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Highway Workers: Safety Tips

  • Kristin Kloberdanz, M.A.
  • Posted March 11, 2013

Although you can't control the occasional obnoxious motorist, you can take steps to help protect yourself on the road:

  • Ask that noise levels be monitored at all times to prevent hearing loss. Experts suggest workers wear earmuffs or earplugs to shield their eardrums from high decibels.
  • At a minimum, ask for training in how to set up a safe work zone -- an essential part of the job, according to James Baron, communications director of the American Traffic Safety Services Association (ATSSA). "You can't just get out there and flag and yell, 'Slow down,'" he says. "There's a way to properly instruct vehicles to slow down and a way to set up a work zone." He and others add that the art of traffic control is letting motorists know what is happening on the road -- as far ahead as possible.
  • Use different equipment depending on the road's lane width, traffic speed, and other factors. The ATSSA advises orange safety cones, for example, when working in light traffic, but when cars are coming thick and heavy, the situation might call for barrels -- or even temporary concrete barriers, which can be a life-saving measure.
  • Wear sunscreen, a hat, and long-sleeved shirts, if possible, to protect yourself from the sun; and drink a cup of water every 20 minutes or so in very hot weather to help prevent dehydration.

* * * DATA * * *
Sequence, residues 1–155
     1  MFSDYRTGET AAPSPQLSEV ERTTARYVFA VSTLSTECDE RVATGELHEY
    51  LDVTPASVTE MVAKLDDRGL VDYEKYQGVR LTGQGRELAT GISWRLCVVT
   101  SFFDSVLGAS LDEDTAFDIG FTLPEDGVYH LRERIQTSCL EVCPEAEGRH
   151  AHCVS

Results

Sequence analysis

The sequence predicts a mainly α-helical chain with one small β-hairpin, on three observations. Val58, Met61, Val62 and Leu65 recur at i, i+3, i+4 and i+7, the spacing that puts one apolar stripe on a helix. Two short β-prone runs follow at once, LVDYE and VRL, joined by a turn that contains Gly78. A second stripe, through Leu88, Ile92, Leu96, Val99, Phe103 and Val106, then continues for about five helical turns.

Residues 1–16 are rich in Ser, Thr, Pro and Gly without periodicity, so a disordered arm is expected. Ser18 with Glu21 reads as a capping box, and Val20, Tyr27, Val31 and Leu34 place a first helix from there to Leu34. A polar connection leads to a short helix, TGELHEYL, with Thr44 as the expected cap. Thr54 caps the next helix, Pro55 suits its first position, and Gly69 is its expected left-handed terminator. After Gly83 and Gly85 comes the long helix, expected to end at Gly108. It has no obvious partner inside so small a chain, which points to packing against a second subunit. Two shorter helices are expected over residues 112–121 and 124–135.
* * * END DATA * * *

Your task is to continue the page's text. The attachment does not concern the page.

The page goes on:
• If you're a supervisor, you should make sure that new employees are prepared to work in all types of traffic. They should feel comfortable using flagmen -- workers who use flags to signal drivers and warn them that they're approaching a work site -- and have enough road sense to never turn their back to oncoming traffic.
  • New workers should be taught how to maneuver around massive pieces of equipment and to safeguard a site for optimal security. Often running certain equipment can temporarily block an operator's field vision, so ground workers should be warned never to stand in front or back of an operating vehicle.
  • Use protective equipment and personal protective gear (such as hard hats and steel-toed shoes). Reflective clothing is also crucial, especially for night shift work.
  • Take advantage of new protections for highway work. Glass-beaded paint used for highway stripes -- to better reflect oncoming headlights at night -- is not the only safety improvement to have hit the open roads in recent years there are also larger, brighter electronic signs. Ask for electronic signs with changing messages and alarms that can be strung up along a barricade to warn workers when someone has driven through the barriers.

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